Bruce Vielmetti (a cousin) writes about a FOIA case in Wisconsin
UWM paper sues school for records
Minutes, recordings heavily redacted, suit says
The University of Wisconsin-Milwaukee's student newspaper has sued the university and one of its officials to gain access to records of public meetings that UWM officials have refused to release.
The UWM Post and Jonathan Anderson, editor in chief at the time the records were requested earlier this year, say UWM's heavy redacting of minutes and audio recordings of the meetings violates Wisconsin's open records law.
They seek the full records and reimbursement of legal fees. The Post and Anderson are represented by lawyers from the Godfrey & Kahn law firm.
At issue is recordings of students during a meeting; UW-Milwaukee redacted this information, arguing that under FERPA they were obliged to protect student records. Here's the SPJ's "Quill" magazine describing the issue
Jonathan Anderson, a senior at the UW-Milwaukee, applied what he learned in the classroom to his job as editor-in-chief of The UWM Post, the school’s weekly student newspaper. But he didn’t expect that requesting the minutes and audio recordings of a public meeting would result in a battle against the university.
In his mind, if the meeting of the Union Policy Board, made up of students and university employees, was public, then shouldn’t the record of the meeting also be public?The university disagreed, citing FERPA. Releasing the full minutes and audio recordings could compromise student privacy, university officials argued.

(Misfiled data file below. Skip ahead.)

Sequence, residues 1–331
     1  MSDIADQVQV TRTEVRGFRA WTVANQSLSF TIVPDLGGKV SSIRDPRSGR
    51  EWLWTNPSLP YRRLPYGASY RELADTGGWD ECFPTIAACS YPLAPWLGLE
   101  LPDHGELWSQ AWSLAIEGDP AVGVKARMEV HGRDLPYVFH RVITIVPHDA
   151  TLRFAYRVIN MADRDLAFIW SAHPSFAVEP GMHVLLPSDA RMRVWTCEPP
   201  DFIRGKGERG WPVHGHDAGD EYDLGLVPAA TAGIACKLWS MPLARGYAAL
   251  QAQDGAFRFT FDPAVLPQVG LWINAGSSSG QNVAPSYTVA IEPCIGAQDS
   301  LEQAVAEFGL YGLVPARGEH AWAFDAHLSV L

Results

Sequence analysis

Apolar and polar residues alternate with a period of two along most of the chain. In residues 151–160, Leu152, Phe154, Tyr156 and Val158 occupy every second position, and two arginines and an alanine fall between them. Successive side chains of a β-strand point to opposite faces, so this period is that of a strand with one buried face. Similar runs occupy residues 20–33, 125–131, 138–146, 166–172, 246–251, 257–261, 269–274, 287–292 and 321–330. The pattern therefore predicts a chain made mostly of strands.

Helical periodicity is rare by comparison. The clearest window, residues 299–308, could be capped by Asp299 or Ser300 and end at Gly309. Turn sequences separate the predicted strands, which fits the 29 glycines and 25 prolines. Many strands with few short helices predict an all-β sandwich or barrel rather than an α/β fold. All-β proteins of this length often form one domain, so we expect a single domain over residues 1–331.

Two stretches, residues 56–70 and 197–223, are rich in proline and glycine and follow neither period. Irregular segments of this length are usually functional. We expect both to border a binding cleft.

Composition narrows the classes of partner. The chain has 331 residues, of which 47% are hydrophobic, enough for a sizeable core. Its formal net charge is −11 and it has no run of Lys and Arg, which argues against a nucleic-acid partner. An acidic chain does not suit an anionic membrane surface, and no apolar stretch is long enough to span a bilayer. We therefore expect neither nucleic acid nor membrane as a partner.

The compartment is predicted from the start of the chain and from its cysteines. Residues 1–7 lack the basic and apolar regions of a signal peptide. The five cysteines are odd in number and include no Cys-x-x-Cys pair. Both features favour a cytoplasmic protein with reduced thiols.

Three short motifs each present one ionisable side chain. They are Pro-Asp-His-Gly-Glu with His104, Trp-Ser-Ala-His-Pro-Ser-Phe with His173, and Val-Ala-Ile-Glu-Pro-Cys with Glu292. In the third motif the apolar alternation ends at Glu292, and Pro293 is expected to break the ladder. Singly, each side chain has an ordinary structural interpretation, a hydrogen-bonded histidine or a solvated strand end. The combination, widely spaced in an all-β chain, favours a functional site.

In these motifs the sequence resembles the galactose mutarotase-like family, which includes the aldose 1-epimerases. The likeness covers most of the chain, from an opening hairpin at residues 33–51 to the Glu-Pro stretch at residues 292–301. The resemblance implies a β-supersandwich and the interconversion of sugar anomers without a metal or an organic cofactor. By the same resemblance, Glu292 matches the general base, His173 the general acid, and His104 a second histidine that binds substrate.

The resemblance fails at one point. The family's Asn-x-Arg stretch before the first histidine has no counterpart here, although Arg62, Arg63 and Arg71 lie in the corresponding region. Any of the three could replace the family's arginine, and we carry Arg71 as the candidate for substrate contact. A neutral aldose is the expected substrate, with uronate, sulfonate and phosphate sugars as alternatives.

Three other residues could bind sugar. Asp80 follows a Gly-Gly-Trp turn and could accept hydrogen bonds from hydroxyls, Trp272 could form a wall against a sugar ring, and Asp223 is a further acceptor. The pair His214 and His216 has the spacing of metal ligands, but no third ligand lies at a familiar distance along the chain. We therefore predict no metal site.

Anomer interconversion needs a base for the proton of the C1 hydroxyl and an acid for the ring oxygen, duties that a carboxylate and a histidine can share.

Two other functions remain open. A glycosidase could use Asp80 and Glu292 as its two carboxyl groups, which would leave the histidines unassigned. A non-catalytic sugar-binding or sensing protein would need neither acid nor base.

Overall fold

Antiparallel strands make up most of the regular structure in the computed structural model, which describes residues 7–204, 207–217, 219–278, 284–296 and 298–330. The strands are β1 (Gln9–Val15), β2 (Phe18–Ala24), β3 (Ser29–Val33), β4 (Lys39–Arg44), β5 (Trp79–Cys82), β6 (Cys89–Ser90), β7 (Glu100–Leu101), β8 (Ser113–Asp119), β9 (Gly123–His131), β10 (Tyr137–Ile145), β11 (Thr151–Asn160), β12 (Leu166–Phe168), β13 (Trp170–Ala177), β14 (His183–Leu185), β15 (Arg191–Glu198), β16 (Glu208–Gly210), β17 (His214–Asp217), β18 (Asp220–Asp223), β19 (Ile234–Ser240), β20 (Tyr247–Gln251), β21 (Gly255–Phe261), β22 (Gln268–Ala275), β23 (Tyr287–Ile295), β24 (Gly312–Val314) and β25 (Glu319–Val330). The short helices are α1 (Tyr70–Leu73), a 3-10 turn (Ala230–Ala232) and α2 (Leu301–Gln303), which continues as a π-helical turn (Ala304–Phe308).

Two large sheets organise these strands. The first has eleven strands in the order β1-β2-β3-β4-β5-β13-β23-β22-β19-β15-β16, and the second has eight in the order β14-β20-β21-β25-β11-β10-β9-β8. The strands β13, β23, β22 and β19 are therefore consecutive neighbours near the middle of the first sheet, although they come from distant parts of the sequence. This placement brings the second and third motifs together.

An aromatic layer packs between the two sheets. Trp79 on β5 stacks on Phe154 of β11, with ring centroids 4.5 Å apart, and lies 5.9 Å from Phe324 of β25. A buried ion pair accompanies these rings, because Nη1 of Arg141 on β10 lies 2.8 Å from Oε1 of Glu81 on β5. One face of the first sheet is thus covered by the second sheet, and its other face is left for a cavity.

Amy Watson, UW-Milwaukee’s public records custodian, says that such redactions are necessary because an education record is broadly defined under FERPA.
“Basically anything that directly relates to a student and is created or maintained by the university would fit FERPA's definition of an education record,” said Watson. “However, the statute does provide exceptions to that definition, such as personal or 'sole possession' notes and records that are created and maintained by a law enforcement unit for the purpose of law enforcement.”
Watson told the Post that while she has had to deny the release of records because of FERPA, she understands the frustration it can cause. She said the university is just complying with what FERPA requires.
“I think it’s obviously a law protecting student privacy that I think is good and necessary. I just think the frustration comes in because the definition of an education record, according to FERPA, is incredibly broad,” said Watson.
The only other background I was able to find about the conflict between FERPA and FOIA is this letter from 2003, which notified the State of Michigan that state FOIA laws were overruled by federal FERPA laws regarding the release of student disciplinary information. More from the Family Policy Compliance Office.